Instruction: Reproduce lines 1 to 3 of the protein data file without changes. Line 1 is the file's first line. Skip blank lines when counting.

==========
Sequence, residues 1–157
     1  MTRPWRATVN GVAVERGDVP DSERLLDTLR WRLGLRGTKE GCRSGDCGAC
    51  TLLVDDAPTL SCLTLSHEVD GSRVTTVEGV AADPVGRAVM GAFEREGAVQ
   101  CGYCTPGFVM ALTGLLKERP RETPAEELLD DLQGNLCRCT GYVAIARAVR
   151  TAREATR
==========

Sequence, residues 1–157
     1  MTRPWRATVN GVAVERGDVP DSERLLDTLR WRLGLRGTKE GCRSGDCGAC
    51  TLLVDDAPTL SCLTLSHEVD GSRVTTVEGV AADPVGRAVM GAFEREGAVQ